Beha’alotcha: What makes a good leader?

Beha’alotcha: What makes a good leader?

West Clarkstown Jewish Center, New City

During the long days of these times, the one constant in each day is when I tune into Governor Cuomo’s morning press conference. I find that his reliance on facts and his faith that people will do the right thing are calming in a time of anxiety, and I have found myself reflecting on what it takes to be a leader in difficult times.

In Pirke Avot, Rabbi Ben Bag-Bag taught about the Torah, “Turn it and turn it, everything is in it.” Each year we read the same parashah, and each year we see something different in it — a reflection of where we ourselves are at that particular time. And so, I turn to this week’s parashah, looking at it through the filter of leadership.

The leader, of course, is Moses. The Israelites are in the wilderness, traveling from Mount Sinai to the Promised Land, and they are complaining. “If only we had meat to eat! We remember the fish that we used to eat for nothing in Egypt, the cucumbers, the melons, the leeks, the onion, and the garlic. Now our gullets are shriveled. There is nothing at all! Nothing but this manna to look to!” (Numbers 11:5-6)

Moses, fed up with the never-ending complaining of the people he is trying to lead to freedom, loses it. He says to God, “I cannot carry all this people by myself, for it is too much for me.” (11:14) Moses loses it because he is human, and that’s what we humans do when we are overwhelmed. But he expresses his anxieties before God, not in front of the people he is leading. All leaders need a support person, someone to whom they can admit their doubts, their anxieties, that they don’t have all the answers. Someone who can remind them that they are doing a good job, that there are people who can support them, that they don’t have to do it all by themselves.

And, in fact, God asks Moses to gather seventy elders into the Tent of Meeting and “I will draw upon the spirit that is on you, and put it upon them; they shall share the burden of the people with you, and you shall not bear it alone.” (11:17) A sign that the spirit had indeed been transferred was a short period of “prophetic speaking”.

Now, it turns out that two of the elders were out in public and not in the Tent at the time they received the spirit. And they began speaking in tongues in the camp. Joshua, trusted assistant to Moses, was aghast. He saw this as a challenge to the authority of Moses. “Restrain them!” he demanded. (11:28) But Moses replied, “Would that the Lord’s people were prophets, that the Lord put His spirit upon them!” (11:29) Here, Moses again serves as an example of good leadership — he did not take this incident personally as a challenge to his authority, but rather kept his attention on the task that needed to be accomplished. He understood that the best way to reach that goal was to surround himself with as many people as possible who could help him bring the people through the wilderness to Israel.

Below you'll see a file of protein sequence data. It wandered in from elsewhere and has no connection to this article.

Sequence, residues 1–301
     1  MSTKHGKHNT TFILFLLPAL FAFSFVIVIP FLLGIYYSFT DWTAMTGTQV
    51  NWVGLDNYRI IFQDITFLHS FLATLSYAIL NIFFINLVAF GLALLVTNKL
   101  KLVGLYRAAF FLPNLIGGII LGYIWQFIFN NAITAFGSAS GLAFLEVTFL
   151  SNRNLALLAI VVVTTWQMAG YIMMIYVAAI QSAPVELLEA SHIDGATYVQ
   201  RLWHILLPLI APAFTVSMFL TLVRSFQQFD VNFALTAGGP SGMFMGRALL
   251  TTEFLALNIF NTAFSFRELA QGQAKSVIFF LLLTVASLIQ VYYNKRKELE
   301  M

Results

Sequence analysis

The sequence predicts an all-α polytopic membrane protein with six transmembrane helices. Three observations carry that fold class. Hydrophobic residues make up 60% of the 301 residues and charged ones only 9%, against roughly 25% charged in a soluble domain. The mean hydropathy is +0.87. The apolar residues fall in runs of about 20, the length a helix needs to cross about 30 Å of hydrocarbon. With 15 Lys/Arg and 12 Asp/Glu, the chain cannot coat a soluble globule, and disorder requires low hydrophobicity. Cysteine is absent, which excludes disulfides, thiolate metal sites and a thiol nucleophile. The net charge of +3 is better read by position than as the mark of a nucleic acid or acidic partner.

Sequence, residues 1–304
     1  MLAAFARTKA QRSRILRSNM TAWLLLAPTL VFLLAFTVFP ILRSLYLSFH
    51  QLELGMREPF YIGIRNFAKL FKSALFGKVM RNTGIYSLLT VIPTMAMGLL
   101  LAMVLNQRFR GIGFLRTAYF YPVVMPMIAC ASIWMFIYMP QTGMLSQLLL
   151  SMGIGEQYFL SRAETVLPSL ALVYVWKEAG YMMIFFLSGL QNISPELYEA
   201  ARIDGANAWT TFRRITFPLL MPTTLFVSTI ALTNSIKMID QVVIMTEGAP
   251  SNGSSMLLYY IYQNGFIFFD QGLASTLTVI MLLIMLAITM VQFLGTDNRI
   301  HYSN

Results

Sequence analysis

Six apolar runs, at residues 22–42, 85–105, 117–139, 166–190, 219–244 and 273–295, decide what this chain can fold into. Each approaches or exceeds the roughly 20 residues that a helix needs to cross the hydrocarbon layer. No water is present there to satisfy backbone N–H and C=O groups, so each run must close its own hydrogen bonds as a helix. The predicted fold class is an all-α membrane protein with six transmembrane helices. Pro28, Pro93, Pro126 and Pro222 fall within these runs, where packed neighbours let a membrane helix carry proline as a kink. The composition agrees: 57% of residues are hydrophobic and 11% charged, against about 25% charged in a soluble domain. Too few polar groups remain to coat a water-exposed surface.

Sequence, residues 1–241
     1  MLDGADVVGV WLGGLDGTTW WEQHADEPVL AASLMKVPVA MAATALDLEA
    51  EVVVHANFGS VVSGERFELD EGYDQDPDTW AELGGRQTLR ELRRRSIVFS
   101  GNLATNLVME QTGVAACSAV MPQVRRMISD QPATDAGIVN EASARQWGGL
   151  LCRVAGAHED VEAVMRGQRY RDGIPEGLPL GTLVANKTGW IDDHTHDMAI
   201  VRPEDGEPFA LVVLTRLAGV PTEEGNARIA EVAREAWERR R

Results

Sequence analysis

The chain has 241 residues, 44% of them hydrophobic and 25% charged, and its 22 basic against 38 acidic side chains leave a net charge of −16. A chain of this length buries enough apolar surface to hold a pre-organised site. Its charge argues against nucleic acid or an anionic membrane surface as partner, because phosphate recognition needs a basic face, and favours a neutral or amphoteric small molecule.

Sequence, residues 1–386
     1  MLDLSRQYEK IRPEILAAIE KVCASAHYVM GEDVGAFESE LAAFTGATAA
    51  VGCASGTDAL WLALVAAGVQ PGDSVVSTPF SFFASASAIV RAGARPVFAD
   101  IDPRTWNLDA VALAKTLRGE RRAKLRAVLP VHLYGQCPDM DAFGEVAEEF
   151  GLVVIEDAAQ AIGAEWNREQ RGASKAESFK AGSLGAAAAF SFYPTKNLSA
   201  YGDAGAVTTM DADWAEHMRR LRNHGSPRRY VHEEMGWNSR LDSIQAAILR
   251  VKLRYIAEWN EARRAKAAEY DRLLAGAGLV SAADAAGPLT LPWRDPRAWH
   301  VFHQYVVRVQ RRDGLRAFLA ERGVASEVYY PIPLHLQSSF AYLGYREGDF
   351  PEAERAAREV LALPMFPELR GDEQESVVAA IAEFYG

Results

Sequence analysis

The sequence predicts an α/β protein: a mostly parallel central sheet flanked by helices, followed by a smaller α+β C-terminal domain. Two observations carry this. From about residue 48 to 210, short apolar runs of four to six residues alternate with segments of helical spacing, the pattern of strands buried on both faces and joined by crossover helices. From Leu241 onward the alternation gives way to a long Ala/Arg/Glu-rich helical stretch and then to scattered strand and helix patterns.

Finally, in the last incident in this parashah, it is his own family, Aaron and Miriam, who are complaining against Moses. At first, this seems to be a family squabble about Moses’ wife. Rashi imagines that Miriam is criticizing Moses for spending so much time on his job that he is neglecting his own wife and family. This evolves into a questioning of his authority. “Has the Lord spoken only through Moses? Has He not spoken through us as well?” (12:2) Now, Moses must cope with issues “at home” in addition to the large burden of leadership already on his shoulders. And surely this is something that all leaders must face as well. It is often hard to be a leader and find the right balance between home and work, and even harder to keep one’s eye on the mission when things at home are difficult.

In our story, Miriam is stricken with a skin disease, and Aaron, repentant, begs Moses to do something. Moses utters a simple prayer, “El na refah na lah — O God, please heal her.” Much has been written about the brevity of this prayer, some suggesting that Moses was angry at his siblings and was praying under protest. I prefer to see a leader carrying many burdens, trying to deal with each as it comes up in the most straightforward way possible. Carrying a grudge against his siblings would only add to his burdens. But turning toward the family and uttering a simple but loving prayer would help his sister, would let his family know he cares, and would leave his mind free to deal with the very real problems of leadership. Reading this, I can’t help but think of Governor Cuomo’s frequent references to his own family and how he find ways for his daughters to help out, in his own attempts to balance family and the burden of leading us all through this pandemic.

There are many things that make a great leader. From this parashah, we can learn that a great leader doesn’t need to be perfect. In fact, they must recognize their own humanity, and have a trusted someone to whom they can vent, express their misgivings, who will help them through the rough patches. They should appoint the very best people to help them, and keep their eye on the goal, rather than focusing on their own position and authority. And finally, they need to be mindful of personal competing pressures and do their very best to maintain the best balance possible.

May we be blessed with good leadership and find our way safely out of our current crises.

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